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Marchand vows to avoid selfish behavior in future

Sunday, 05.15.2011 / 3:17 PM

By Shawn P. Roarke - NHL.com Senior Managing Editor / 2011 Eastern Conf. Final: Bruins-Lightning Blog

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2011 Eastern Conf. Final: Bruins-Lightning Blog
Marchand vows to avoid selfish behavior in future
The Boston Bruins were clearly frustrated by Tampa Bay's ability to shackle their offense Saturday in the 5-2 loss in game 1 of the eastern Conference Finals at TD Garden.

Nobody, however, wore his anger more openly than the always combustible Brad Marchand.

In the second period, Marchand exploded in rage for everyone to see. In the midst of a frustrating evening that would see him finish with no shots and a minus-2 rating, Marchand shattered his stick, taking to healthy whacks to make the stick finally crack.

"It wasn't good enough the first time I did it, so I had to do it again," he said of his stick-swinging exploits. "I had a lot of frustration built up. I wanted to be a factor out there and it wasn't happen and it just got to me."

That, however, can't happen at this stage of the playoffs. You can't give another team the satisfaction of seeing frustration take hold. It is a sight that will merely embolden the opponent to do more of the same, knowing that it has tangible results.

According to coach Claude Julien, the outburst has already been addressed.

"That's something we don't like to see and we don't want to see; but he is a first-year player, he is a rookie and he is certainly learning," Julien said. He is going to be the first one to tell you that he is learning as he goes along here. And you can't allow yourself to get frustrated; you have to battle through things. We just showed a little bit of frustration and I'm sure you are not going to see that again.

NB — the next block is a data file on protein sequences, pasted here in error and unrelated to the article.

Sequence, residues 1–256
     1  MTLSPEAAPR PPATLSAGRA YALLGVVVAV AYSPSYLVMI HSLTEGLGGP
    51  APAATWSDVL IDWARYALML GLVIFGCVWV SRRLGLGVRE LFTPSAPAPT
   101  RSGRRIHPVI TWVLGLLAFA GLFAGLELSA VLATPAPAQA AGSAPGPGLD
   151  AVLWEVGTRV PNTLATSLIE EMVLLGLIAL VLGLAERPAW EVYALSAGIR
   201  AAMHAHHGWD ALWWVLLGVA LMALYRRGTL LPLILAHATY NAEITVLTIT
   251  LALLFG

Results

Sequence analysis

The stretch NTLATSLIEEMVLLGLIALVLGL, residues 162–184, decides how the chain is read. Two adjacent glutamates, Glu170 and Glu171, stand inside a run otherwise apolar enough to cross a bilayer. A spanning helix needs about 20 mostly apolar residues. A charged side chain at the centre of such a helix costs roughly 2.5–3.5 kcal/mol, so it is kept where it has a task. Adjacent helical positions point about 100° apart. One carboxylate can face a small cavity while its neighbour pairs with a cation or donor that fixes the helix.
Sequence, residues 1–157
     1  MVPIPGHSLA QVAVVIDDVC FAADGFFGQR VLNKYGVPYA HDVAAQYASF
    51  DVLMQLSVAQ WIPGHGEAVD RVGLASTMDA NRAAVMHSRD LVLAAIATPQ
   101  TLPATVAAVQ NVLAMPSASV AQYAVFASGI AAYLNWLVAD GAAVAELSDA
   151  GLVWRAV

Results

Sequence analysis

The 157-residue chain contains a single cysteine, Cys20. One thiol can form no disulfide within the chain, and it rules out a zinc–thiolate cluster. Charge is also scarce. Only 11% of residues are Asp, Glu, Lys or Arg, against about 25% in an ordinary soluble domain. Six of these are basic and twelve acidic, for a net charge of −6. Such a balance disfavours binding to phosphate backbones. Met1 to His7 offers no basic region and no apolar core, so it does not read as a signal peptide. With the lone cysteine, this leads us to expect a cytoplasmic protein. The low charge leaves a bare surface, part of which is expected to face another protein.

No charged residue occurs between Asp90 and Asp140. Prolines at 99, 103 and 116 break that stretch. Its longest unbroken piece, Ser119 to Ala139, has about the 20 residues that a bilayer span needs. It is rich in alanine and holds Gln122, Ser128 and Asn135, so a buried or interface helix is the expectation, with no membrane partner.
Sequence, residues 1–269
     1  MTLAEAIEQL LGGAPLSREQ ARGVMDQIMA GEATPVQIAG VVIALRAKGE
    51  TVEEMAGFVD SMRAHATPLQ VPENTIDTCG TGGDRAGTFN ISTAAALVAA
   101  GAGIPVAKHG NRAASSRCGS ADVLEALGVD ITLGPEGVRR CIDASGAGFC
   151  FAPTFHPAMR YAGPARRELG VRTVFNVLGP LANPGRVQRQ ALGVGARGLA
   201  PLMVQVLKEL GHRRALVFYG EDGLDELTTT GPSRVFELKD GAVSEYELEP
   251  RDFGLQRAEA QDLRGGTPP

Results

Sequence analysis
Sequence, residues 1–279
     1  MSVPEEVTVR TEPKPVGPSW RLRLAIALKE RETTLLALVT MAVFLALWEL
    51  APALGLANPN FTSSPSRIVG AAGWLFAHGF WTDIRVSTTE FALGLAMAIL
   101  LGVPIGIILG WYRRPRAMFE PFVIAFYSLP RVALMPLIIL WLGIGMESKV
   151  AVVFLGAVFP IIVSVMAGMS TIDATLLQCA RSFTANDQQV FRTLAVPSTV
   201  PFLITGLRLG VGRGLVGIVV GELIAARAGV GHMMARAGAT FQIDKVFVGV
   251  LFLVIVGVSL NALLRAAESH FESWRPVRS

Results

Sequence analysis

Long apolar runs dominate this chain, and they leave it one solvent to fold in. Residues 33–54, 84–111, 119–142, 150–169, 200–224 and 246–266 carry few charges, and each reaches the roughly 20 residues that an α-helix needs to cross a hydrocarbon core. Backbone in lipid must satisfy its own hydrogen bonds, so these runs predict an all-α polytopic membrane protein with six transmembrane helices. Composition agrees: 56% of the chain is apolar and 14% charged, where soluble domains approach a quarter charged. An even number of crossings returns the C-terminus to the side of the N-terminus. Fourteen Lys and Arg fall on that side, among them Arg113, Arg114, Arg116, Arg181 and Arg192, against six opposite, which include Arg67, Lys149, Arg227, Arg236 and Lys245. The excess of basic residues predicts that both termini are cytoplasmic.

Julien was not the only one delivering that message. Many of Boston's vets were doing the same, talking to some of the younger Bruins during and after the game.

"It's pretty early to be frustrated," Boston defenseman Andrew Ference said Sunday. "It's just wasted energy. It's addressed right away by whoever is sitting beside them, definitely in the lockerroom afterwards. It's not about showing emotion. You can have emotion, have fire and be mad about things; but in the playoffs – especially this far in – you have to know how to direct your energy and use it wisely. If you are yelling at Refs or slapping things around, you're not using your resources wisely."

Marchand, for one says he got the message loud and clear.

"I was a little frustrated there, and I reacted in a way that I shouldn't have," Marchand said Sunday "It was selfish and it brought a lot of negative energy to the team at the wrong point. (Claude) recognized that. He's upset about that because he knows I'm better than that. He knows that I can control my emotions better than that. I can't be getting off my game. I need to be getting teams off their games."
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When we started our journey we made a commitment to our fans to be relevant and to see the Chicago Blackhawks become the best professional hockey organization. There are not two finer symbols of that than Jonathan Toews and Patrick Kane. The commitment we have made to these incredible young men is equal to the commitment they have made to our team, our fans, our entire organization and the city of Chicago.

— Chicago Blackhawks owner Rocky Wirtz on signing Jonathan Toews and Patrick Kane to contract extensions